A government official responsible for monitoring schools in the area, Muhamed Aijaz Anjum, said he was familiar with the school’s plight. But he has no car or office, and his annual travel allowance is less than $200; he said he was helpless to do anything about it.
With few avenues for advancement in what remains a feudal society, many poor Pakistanis do not believe education will improve their lives. The dropout rate reflects that.
One of Mr. Ali’s best students, Muhamed Arshad Ali, was offered a state scholarship to continue after the fifth grade. His parents would not let him accept. He quit and took up work ironing pants for about 200 rupees a day, or $2.50.
“Many poor people think salaried jobs are only for rich people,” Mr. Ali said. “They don’t believe in the end result of education.”
Safety Net From Despair
“Madrasas have been mushrooming,” said Zobaida Jalal, a member of Parliament and former education minister.
The phenomenon began in
the 1980s, when General Zia gave madrasas money and land in an American-supported
policy to help Islamic fighters against the Soviet forces in
The Islamic schools are also seen as employment opportunities. “When someone doesn’t see a way ahead for himself, he builds a mosque and sits in it,” said Jan Sher, whose village in southwestern Punjab, Shadan Lund, has become a militant stronghold, with madrasas now outnumbering public schools. Poverty has also helped expand enrollment in madrasas, which serve as a safety net by housing and feeding poor children.
“How can someone who earns
200 rupees a day afford expenses for five children?” asked Hafeezur Rehman, a
caretaker in the Jamia Sadiqqia Taleemul Koran madrasa in
Former President Pervez Musharraf tried to regulate the madrasas, offering financial incentives if they would add general subjects. But after taking the money, many refused to allow monitoring. “The madrasa reform project failed,” said Javed Ashraf Qazi, a retired general who served as education minister at the time.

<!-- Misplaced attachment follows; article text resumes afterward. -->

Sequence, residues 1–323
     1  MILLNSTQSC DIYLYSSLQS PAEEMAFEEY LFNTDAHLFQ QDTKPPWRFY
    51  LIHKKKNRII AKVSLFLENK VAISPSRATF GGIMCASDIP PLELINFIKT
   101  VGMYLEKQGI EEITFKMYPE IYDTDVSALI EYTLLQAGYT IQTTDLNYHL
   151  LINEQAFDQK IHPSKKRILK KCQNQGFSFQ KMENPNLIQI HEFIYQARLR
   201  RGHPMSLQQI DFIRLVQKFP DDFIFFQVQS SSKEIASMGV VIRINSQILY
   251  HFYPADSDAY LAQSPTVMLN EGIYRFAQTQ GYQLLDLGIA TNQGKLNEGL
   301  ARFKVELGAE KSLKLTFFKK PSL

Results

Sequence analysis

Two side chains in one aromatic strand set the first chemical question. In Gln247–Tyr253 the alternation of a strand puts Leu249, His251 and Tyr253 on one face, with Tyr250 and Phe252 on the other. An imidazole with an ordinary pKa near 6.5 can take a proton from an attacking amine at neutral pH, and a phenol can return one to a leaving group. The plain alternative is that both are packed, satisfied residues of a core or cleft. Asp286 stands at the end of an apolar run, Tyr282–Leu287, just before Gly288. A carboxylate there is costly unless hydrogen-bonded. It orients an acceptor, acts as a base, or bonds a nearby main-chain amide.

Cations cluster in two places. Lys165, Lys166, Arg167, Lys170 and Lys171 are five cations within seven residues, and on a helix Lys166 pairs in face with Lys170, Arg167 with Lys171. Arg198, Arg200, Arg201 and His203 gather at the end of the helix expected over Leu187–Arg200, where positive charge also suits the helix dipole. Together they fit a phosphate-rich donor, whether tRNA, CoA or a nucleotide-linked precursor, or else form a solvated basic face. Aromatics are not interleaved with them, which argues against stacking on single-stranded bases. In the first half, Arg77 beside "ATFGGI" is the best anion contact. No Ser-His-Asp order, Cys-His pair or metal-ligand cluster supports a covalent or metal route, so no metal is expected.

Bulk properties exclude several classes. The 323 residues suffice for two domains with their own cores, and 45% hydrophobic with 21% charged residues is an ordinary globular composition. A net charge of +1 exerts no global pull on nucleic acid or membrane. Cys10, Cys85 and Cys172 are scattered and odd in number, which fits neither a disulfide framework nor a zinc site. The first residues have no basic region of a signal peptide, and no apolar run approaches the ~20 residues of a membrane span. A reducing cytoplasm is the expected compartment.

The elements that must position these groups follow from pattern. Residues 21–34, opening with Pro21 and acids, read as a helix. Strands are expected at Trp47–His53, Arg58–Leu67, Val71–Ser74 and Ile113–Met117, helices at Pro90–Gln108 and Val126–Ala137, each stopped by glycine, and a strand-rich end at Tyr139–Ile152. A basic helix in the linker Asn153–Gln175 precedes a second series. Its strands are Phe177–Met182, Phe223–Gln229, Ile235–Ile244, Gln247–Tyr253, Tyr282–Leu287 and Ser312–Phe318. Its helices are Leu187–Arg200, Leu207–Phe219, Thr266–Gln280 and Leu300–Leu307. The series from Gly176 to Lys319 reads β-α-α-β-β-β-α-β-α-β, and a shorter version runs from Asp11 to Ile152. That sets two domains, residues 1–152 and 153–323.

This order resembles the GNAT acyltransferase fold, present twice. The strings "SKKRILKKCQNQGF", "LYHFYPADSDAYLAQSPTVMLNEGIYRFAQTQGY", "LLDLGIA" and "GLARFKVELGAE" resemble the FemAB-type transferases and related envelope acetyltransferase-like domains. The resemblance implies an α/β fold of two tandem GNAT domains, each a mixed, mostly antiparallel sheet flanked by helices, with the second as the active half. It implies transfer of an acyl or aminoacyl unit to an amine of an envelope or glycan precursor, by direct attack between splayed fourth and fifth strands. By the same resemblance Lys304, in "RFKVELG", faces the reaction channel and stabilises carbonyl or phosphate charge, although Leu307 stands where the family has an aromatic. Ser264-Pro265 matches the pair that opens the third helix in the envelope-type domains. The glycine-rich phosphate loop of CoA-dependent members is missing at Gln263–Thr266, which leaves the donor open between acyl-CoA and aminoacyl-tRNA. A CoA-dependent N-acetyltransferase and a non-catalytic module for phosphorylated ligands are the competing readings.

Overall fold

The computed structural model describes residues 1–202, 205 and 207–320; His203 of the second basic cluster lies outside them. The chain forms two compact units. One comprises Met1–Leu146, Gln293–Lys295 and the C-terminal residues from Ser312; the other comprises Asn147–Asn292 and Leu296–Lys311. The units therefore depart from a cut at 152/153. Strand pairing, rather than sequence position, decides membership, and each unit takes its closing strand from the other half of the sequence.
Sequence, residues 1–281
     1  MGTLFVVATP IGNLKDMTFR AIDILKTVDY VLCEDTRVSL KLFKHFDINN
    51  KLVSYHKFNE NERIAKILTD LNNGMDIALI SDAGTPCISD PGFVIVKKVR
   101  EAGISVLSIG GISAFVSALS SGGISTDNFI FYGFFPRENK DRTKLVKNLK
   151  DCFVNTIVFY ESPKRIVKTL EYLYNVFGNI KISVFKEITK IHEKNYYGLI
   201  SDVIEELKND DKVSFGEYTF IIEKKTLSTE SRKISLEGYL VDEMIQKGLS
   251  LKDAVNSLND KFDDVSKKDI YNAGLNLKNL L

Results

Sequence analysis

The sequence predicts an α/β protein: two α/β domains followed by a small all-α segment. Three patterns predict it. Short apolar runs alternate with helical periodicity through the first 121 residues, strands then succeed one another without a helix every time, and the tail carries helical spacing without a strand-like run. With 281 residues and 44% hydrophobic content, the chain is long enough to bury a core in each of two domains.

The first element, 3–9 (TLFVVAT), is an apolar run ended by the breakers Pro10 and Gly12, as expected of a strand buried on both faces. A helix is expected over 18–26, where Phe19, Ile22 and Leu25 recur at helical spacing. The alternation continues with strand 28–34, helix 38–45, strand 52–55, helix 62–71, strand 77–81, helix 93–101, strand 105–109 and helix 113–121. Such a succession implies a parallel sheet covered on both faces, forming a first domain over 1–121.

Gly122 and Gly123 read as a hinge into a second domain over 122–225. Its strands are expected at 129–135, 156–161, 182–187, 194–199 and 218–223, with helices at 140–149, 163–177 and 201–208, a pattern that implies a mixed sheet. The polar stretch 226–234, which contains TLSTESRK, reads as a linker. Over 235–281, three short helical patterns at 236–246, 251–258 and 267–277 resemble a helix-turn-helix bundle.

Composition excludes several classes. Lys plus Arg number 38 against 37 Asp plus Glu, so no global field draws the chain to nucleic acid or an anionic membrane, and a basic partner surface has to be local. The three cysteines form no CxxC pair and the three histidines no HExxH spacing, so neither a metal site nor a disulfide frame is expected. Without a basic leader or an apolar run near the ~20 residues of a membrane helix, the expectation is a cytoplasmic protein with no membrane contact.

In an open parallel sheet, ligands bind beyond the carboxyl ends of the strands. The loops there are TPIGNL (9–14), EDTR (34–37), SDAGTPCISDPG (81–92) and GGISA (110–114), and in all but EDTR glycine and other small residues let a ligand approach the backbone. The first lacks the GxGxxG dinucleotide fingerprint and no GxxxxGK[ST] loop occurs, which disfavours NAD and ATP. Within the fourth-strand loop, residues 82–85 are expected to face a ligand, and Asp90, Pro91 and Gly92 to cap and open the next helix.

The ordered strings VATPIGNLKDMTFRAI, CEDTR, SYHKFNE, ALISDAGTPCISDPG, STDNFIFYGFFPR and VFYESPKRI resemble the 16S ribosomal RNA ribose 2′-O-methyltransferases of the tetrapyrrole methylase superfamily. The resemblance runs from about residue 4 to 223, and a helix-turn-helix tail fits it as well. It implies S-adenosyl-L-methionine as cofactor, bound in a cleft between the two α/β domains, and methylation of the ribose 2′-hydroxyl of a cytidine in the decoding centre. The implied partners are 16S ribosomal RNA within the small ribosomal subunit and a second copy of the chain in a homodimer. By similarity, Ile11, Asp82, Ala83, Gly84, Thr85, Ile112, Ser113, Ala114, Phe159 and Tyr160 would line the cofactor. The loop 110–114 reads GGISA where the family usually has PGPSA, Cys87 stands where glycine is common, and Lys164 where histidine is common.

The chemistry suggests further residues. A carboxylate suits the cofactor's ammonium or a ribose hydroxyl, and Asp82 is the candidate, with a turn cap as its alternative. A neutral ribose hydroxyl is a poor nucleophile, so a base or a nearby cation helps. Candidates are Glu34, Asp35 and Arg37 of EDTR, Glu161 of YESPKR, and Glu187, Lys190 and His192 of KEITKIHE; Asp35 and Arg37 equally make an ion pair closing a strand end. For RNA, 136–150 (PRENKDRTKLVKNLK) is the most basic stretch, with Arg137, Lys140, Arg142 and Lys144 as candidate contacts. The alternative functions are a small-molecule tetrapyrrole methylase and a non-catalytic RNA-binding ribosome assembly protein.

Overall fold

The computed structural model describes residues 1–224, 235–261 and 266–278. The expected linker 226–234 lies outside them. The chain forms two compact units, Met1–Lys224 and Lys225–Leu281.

Shahbaz Sharif, the chief minister of Punjab, says he is acutely aware of the problem and is trying a different approach, recently setting aside $75 million to build free model schools in 80 locations close to large madrasas, a tactic General Qazi had also proposed.
In the district that includes Mohri Pur, a mud-walled village of about 6,000 where farmers drive on dirt roads in tractors and donkey carts piled high with sticks and grasses, there are an estimated 200 madrasas, one-third the number of public schools, said Mr. Anjum, the education official.
Nonreligious private schools have also sprouted since the 1990s. They have better student-teacher ratios, but only the most exclusive — out of reach of most middle-class Pakistanis — offer a rigorous, modern education. Mr. Ali, the fifth-grade teacher, says the madrasas have changed Mohri Pur. They are Deobandi, adherents of an ultra-Orthodox Sunni school of thought that opposes music and festivals, which are central aspects of Sufism, a tolerant form of Islam that is traditional here.
There were no madrasas in
Mohri Pur in the late 1980s, when Mr. Ali began teaching. Now there are at
least five. Most are affiliated with a branch in the neighboring town of
Fear and Respect
Several local residents said they believed the Kabirwala seminary was dangerous. Some of its members were involved in sectarian violence against Shiites in the 1990s, they said.
Even if the madrasas do
not make militants, they create a worldview that makes militancy possible. “The
mindset wants to stop music, girls’ schools and festivals,” said Salman Abid, a
social researcher in southern
On a recent Thursday, the Kabirwala seminary was buzzing with activity. Officials showed rooms of boys crouched over Korans, reading and rocking. A full kitchen had an industrial-size bread oven. Flowers adorned walkways. The foundation for a new dormitory had been broken.